President Trump, looking to make inroads with African American voters, touted the bipartisan sentencing reform legislation he signed into law last year during a speech Friday at a historically black South Carolina college.
Speaking to a conference on criminal justice reform at Benedict College in Columbia, S.C., where a number of Democratic hopefuls will also appear this weekend, Trump used an official White House event to make the political case for his reelection and to take credit for the First Step Act, which eased harsh minimum sentences for nonviolent drug offenders.
“Past administrations tried and failed,” Trump said. “They didn’t try very hard, I will say.”
Trump rarely speaks before black audiences and has been criticized for rhetoric that incites white rage. The White House had billed this speech as an opportunity to make his case directly to black voters, who oppose him by large margins.
“We’ve had so many people with empty political rhetoric. We’re doing the opposite. We’re acting, not talking,” he said, citing lower unemployment figures and higher wages.
In the end, however, not many black voters were there to hear his words. Only seven students from the college were seated in the small hall in which Trump spoke, college officials confirmed to the press pool traveling with Trump. About half the seats were reserved for administration allies and guests. News of the seating plan was first reported by McClatchy.
Trump cast the 2018 sentencing bill as a moment of “hope and optimism.” And he reframed his “America First” slogan as a promise to speak up for the voiceless, including African Americans.
“From the beginning, my vow has been to stand up for those who have been forgotten, neglected, overlooked and ignored,” he said.
Trump was less combative than usual and talked about the criminal justice overhaul in moral terms he seldom uses in speeches.
The bill was something bigger than politics and “was not a theme of my campaign initially,” he said.
“To this day, I’m not sure what I did was a popular thing or an unpopular thing, but I know it was the right thing to do,” Trump said.
Trump called three people to the stage, one whose sentence he commuted and two others who have benefited from the new law.
Alice Johnson, whose case was brought to Trump’s attention last year by Kim Kardashian, thanked Trump for her freedom.
“If it wasn’t for you, Mr. President, I’d still be serving five years in prison,” Johnson said, as Trump stood just behind her on stage.
Trump also made a point of praising Rep. Elijah Cummings (D-Md.), who was eulogized Friday by two former presidents at a funeral service in Baltimore earlier in the day that drew scores of prominent politicians, including House Speaker Nancy Pelosi (D-San Francisco) and Senate Majority Leader Mitch McConnell (R-Ky.).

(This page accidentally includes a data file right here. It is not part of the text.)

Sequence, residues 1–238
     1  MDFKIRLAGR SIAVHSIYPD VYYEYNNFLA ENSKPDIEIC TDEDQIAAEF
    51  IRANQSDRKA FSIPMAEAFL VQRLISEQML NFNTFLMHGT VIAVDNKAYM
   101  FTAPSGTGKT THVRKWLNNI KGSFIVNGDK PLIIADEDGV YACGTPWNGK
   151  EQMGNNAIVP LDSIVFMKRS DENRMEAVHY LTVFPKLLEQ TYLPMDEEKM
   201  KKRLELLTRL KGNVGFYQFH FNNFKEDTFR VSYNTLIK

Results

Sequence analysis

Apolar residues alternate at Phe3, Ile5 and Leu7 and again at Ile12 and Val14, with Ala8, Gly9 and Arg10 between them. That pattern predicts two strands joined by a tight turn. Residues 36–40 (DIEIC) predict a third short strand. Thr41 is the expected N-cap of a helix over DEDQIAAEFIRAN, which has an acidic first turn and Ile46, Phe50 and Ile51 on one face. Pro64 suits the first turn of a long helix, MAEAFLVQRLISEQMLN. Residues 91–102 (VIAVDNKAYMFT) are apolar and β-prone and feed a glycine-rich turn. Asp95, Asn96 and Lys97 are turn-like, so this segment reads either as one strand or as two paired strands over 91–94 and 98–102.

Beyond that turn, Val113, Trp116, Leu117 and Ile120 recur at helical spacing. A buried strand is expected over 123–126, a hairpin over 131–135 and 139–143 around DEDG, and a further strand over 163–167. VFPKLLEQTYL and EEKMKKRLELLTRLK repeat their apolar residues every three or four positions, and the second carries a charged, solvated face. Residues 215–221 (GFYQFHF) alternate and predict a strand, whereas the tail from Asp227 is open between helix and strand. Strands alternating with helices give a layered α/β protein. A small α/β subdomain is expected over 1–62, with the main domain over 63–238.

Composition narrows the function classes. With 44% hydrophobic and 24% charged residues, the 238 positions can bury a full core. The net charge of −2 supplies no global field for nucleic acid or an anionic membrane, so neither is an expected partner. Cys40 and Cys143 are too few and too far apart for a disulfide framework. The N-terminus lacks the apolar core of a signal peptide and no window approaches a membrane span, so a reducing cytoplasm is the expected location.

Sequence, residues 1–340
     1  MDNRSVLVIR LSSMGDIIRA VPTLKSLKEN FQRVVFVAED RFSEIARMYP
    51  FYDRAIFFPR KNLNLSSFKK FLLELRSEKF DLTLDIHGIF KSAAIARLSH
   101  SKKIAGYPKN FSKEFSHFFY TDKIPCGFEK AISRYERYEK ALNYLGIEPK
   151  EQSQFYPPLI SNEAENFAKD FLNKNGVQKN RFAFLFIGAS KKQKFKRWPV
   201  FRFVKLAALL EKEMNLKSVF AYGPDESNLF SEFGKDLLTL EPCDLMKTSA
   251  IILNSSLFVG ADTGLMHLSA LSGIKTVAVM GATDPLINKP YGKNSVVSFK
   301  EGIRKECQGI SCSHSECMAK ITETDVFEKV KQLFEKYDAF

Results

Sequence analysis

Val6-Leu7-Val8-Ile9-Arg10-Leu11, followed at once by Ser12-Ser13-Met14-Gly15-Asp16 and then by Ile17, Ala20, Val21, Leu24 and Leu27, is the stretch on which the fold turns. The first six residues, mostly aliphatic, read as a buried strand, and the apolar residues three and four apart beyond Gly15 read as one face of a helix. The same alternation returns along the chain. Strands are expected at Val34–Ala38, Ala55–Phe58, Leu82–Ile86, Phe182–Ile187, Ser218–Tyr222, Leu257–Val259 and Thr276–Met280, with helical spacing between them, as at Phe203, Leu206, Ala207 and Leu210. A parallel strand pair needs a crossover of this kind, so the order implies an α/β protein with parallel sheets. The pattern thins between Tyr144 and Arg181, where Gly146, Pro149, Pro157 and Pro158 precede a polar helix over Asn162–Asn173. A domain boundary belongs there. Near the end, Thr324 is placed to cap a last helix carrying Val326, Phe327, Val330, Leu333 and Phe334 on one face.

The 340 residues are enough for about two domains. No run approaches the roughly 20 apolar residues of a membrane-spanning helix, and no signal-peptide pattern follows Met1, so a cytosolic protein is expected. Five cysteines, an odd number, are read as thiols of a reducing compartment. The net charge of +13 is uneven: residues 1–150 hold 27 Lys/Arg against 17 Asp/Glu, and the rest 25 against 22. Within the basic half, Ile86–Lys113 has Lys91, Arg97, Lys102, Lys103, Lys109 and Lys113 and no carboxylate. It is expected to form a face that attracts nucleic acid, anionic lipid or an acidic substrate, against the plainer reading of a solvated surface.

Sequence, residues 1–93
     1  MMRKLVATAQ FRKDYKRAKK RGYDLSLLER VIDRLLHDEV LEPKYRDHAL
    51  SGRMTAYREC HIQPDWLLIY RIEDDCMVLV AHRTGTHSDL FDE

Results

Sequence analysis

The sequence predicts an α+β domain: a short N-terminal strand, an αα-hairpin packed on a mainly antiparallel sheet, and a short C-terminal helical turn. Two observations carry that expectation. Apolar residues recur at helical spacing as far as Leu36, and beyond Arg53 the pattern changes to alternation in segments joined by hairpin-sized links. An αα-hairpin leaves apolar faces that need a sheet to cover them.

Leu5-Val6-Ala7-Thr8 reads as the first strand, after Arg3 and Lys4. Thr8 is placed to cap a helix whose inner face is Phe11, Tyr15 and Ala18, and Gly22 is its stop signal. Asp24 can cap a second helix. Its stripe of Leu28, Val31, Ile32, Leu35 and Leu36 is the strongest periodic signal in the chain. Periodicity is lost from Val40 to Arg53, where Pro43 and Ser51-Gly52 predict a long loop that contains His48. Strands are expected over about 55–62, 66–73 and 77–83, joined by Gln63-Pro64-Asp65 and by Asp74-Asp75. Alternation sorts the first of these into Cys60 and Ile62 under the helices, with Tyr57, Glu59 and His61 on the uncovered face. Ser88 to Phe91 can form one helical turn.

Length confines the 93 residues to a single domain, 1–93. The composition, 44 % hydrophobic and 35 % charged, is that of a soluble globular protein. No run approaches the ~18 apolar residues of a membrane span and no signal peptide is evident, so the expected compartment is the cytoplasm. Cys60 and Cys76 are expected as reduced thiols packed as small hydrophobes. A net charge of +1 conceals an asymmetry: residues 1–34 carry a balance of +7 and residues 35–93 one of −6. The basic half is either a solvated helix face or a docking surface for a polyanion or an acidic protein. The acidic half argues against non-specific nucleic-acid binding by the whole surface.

Trump told the audience he hoped to get legislation passed to lower the cost of prescription drugs in honor of Cummings, recalling his passion for the issue.
“I want to give my warmest respects, please,” he said.
Just three months ago, Trump had trashed Cummings, the chairman of the House Oversight Committee that was investigating him, in a tweet storm using racist language, describing the lawmaker’s majority-black district as “a disgusting, rat and rodent infested mess” and a “very dangerous & filthy place” where “no human being would want to live.”
The president’s absence Friday at yet another political funeral underscored his isolation from Washington’s political class and his pariah status, especially during moments of national mourning.
The funeral in Baltimore celebrated Cummings’ life with tributes which, like those delivered at other political funerals over the last two years, sometimes sounded as if they included veiled critiques of Trump.
As a member of Congress, Cummings was referred to as “the honorable,” former President Obama said in his eulogy. “This is a title we confer on all kinds of people who get elected to public office,” he said. “You’re supposed to introduce them as honorable. But Elijah Cummings was honorable before he was elected to office.”
“There’s nothing weak about looking out for others,” Obama continued. “There’s nothing weak about being honorable. You’re not a sucker to have integrity and to treat others with respect.”
The comments came the same week that Trump, on Twitter, compared the Democratic-led impeachment probe to a lynching, drawing sharp criticism from many African Americans. As he departed for Friday’s speech, Trump showed no regret.
“It’s a word many Democrats have used,” Trump told reporters at the White House. “That’s a word that’s been used many times.”
Toward the end of his speech, he compared the threat of impeachment to the disproportionate prosecutions of African Americans, who are incarcerated at five times the rate of white Americans.
“You know I have my own experience,” he told the crowd. “You see it’s a terrible thing going on in our country. It’s an investigation in search of a crime.”